Brief account of Mangnee, Mayoon, Mehndi, Nikah and Valima
Pakistan is a land of thousand faces, a country simply overflowing with cultural richness. A blend of many languages, religions, traditions and cultures, Pakistan is one of the most culturally diverse countries on earth. In a land so varied, the possibilities for a marriage are endless, and customs vary according to religion, region and community. Whatever the preferences, a wedding in Pakistan is bound to be unforgettable – every marriage is the sign for an important family celebration. Although most of these celebrations do not necessarily fall in the boundaries set by religion and are heavily influenced by customs of neighbour and overseas countries, people participate in them with passion and enthusiasm.
It is usually the first event of a wedding. From this day on, the bride is proscribed from the groom’s eyes till the day of marriage. Yellow color symbolizes the day of upton, the other name of mayoon. To mold into the colors of upton, family and invited guests wear yellow garments. Starting of this day is with the recitation of Qur’an. After the religious formalities, family and friends bring the bride/groom for the ceremony. The friends and family sits in circle with their percussion equipments (Dholak and Duff) and sings through out the evening.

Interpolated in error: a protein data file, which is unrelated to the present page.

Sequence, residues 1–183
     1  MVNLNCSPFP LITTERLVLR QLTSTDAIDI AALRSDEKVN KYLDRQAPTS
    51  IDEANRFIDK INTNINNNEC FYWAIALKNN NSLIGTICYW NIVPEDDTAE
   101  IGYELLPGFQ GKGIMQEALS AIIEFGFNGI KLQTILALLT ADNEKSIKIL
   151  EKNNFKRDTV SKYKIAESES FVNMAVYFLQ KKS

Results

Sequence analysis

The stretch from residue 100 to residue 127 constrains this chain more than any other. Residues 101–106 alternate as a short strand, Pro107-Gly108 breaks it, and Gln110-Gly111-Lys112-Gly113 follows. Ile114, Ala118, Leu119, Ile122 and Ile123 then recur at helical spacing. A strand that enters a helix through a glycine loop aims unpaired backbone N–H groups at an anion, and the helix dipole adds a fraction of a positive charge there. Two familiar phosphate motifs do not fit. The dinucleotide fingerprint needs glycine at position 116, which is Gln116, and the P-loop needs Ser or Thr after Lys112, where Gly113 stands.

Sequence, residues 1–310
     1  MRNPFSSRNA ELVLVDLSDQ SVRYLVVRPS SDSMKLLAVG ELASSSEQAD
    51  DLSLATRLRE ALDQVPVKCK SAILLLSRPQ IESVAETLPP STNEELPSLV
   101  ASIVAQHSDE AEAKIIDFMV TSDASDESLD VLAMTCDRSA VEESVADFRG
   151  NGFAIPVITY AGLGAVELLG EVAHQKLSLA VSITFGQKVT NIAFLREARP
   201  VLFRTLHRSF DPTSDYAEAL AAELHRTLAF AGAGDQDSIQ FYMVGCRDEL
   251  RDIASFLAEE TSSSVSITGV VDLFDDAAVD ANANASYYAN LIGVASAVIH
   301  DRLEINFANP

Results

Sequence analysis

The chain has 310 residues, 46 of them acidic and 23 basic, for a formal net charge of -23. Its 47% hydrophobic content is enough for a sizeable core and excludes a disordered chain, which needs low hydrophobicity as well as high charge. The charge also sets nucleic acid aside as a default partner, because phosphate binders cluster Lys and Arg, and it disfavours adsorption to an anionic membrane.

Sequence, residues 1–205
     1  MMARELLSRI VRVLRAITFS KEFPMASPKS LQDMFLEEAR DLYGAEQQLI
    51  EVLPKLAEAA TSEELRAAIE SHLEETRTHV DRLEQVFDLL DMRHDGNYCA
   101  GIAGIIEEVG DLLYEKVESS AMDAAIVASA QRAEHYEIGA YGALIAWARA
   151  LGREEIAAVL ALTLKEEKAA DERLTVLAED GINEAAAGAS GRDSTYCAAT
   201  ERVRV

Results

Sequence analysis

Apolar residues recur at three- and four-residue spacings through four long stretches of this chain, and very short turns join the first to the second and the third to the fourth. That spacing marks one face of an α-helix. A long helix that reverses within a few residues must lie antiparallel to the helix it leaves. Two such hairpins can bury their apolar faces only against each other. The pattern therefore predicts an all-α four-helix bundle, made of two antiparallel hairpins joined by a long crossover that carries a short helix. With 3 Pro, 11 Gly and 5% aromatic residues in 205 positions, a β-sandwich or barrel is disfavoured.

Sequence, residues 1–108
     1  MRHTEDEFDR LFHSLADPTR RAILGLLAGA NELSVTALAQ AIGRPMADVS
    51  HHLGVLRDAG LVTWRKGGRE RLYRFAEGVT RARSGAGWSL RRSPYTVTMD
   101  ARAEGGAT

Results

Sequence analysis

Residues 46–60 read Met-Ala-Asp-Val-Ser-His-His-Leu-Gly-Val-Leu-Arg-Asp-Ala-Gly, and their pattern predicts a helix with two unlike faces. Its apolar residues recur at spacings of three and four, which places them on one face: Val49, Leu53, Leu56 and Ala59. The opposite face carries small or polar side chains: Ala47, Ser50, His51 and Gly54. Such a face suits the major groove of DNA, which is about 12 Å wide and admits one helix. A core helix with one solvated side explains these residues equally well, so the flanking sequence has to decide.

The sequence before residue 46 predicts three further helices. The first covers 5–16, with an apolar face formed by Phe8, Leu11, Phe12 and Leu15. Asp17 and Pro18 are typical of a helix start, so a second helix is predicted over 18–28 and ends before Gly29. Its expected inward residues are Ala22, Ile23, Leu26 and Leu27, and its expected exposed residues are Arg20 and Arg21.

This event is very colorful and full of traditional songs and dances. It is spread over 2 days – one day over at the groom’s place to put Henna on groom’s hand and the second day over at the bride’s house to put Henna on her hand. Sometimes, both parties agree to have a single function on just one day and split the cost.
On this day, groom’s family delivers the wedding dress to bride’s family, and then her family takes groom’s wedding attire to his family.
Nikah is the signing of official paperwork in the presence of a Moulvi (Islamic priest). After signing the papers and performing a religious ceremony, the couple is declared husband and wife. Shadi is the actual wedding ceremony and all guests are invited.
The ceremony is arranged by the bride’s family and Baarat (groom’s friends and family) come to the bride’s house. Red clothing symbolizes this day of Shadi. The bride’s gown is very elaborate, as are her veil and jewelry. Men wear a distinctive traditional turban. Dinner is served by bride’s family. Rokhsati (the bride leaves her parent’s home to start a new life) is the last event of the day.